Volume 20, Number 46 | THE NEWSPAPER OF LOWER MANHATTAN | MARCH 28 - APRIL 3, 2008

Con Ed looks to conserve Downtown

Temperatures lately have been closer to winter than spring, but Con Edison is already thinking about summer. To reduce the burden on increasingly taxed wires and transformers, Con Ed is launching a program to cut electricity demand. The program targets building owners in two parts of the city – the middle of Staten Island and Downtown between 23rd and Fulton Sts. from river to river.

“There’s been a lot of growth there,” Chris Olert, a Con Ed spokesperson, said of Lower Manhattan. “We can delay the installation of some new equipment if customers reduce their use.”

The booming residential population in Con Ed’s Canal network, which stretches from West St. to Broadway and Spring St. to Duane and Worth Sts., has led to a 40 percent increase in the number of electric customers between 2000 and 2007. During the same time period, the city as a whole saw an increase of only 4 percent.

Con Ed will help big users install energy-efficient lights and appliances, which do the double duty of reducing energy demand and reducing electric bills. Government subsidies will help businesses with the cost of going energy efficient.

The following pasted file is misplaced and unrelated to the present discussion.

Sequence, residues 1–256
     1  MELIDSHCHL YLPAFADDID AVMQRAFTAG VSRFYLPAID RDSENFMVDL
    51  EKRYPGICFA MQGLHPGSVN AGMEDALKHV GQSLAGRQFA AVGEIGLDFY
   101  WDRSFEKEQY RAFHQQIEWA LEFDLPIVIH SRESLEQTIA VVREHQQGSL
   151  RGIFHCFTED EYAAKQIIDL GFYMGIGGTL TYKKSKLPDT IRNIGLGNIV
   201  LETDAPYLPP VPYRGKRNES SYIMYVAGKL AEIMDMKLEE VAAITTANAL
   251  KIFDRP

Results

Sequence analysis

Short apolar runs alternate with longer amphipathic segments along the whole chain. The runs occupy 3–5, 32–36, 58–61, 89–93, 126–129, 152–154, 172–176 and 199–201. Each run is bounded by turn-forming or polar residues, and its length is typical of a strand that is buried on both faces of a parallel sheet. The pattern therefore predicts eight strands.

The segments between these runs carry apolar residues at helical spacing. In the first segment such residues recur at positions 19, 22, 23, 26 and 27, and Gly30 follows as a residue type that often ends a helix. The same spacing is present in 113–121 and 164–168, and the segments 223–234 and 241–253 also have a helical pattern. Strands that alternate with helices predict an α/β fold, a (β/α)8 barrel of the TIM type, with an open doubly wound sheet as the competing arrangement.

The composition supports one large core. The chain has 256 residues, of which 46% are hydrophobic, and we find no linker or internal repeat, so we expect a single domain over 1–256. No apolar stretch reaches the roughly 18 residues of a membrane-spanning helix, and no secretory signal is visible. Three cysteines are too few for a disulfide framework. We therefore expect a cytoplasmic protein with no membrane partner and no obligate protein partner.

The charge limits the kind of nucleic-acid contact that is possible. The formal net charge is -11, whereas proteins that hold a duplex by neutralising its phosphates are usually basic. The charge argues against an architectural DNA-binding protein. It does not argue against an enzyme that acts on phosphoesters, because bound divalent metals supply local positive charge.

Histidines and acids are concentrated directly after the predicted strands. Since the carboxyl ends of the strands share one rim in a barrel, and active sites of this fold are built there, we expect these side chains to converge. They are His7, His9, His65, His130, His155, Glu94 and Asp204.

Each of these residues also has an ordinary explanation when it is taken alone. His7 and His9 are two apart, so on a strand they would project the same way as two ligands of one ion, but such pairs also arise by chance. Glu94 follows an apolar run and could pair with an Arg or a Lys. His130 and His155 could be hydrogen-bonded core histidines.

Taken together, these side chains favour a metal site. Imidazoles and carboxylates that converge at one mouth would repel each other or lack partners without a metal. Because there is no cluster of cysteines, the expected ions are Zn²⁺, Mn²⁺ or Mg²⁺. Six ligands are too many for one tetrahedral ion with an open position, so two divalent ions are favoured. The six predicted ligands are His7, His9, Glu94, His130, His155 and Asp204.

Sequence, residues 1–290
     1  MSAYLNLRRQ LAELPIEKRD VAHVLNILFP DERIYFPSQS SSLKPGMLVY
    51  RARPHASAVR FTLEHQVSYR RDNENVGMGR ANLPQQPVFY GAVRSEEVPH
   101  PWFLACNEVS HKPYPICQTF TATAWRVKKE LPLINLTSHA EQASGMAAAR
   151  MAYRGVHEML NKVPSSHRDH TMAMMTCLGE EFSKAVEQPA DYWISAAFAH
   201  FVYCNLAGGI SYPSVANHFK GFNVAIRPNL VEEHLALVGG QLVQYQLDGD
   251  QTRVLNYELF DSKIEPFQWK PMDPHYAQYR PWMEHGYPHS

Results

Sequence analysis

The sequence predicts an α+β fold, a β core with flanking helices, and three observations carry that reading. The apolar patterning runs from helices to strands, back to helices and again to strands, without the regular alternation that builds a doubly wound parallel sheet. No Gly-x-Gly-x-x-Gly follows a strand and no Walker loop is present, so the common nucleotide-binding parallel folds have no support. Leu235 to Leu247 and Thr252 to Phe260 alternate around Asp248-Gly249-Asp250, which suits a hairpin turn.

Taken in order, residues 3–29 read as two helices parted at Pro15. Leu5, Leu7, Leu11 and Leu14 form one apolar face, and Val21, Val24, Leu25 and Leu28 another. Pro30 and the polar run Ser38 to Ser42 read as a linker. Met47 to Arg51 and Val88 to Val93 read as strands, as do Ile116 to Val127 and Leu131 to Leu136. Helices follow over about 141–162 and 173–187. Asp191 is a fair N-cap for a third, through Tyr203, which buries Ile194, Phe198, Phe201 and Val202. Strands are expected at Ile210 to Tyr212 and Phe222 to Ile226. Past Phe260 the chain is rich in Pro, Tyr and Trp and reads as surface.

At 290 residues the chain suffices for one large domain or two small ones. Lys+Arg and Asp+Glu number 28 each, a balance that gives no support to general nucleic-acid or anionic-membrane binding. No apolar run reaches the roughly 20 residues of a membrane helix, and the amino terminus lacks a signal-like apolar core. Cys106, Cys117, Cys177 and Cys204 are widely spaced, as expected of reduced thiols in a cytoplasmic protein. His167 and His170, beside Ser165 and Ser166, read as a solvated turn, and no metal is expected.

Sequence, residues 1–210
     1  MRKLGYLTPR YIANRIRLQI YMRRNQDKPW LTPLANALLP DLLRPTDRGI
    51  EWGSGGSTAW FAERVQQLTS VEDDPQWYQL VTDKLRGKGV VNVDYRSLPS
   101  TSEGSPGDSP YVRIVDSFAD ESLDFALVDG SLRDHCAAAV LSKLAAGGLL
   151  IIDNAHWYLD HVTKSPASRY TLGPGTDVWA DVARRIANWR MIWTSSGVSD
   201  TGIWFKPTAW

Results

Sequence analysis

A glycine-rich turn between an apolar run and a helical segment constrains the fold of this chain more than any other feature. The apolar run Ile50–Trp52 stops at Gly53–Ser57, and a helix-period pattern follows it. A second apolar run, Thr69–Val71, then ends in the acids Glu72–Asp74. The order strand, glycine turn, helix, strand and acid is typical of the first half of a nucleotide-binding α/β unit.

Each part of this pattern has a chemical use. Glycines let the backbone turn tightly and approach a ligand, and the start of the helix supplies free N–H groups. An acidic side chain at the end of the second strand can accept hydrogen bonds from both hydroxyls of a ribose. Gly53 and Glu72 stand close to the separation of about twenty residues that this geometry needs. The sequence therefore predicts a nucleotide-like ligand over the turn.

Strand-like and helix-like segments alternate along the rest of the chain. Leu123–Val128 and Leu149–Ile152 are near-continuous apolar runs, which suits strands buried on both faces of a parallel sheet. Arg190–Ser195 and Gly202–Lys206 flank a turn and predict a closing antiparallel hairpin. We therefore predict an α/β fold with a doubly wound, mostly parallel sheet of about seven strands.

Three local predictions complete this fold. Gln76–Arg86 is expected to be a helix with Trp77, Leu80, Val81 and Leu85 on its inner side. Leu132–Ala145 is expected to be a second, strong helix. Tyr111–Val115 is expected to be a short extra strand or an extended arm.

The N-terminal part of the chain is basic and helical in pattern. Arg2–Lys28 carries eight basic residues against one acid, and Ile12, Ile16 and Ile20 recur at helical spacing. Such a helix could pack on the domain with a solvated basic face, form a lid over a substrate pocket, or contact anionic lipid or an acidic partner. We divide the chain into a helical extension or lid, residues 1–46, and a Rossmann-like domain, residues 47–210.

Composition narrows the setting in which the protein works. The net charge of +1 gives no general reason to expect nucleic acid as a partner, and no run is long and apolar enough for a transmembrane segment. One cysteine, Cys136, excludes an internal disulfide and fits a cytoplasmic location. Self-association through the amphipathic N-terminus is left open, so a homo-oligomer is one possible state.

“All of these things are designed to take pressure off the system when it’s really cooking, which is the summertime,” Olert said.

The goal of the program is to reduce electric consumption by 67 megawatts by 2012. A megawatt is the amount of energy it takes to power roughly 1,000 homes.

Substations on E. 13th St. and Leonard St. and at the Seaport currently serve the target area. Without the program, Con Ed would have to build a new substation or expand an existing one and would also need to add transformers and belowground cables — work that would tear up the streets. Below Fulton St., the rebuilt substation at 7 W.T.C. is adequately handling the demand.

The peak of Lower Manhattan’s energy use comes around 4 p.m. on the third or fourth day of a heat wave.

“On the first or second day, they say ‘Boy, it’s nice to have summer,’” Olert said. “By the third or fourth day, they put their air conditioners on arctic and start breeding penguins.”

— Julie Shapiro



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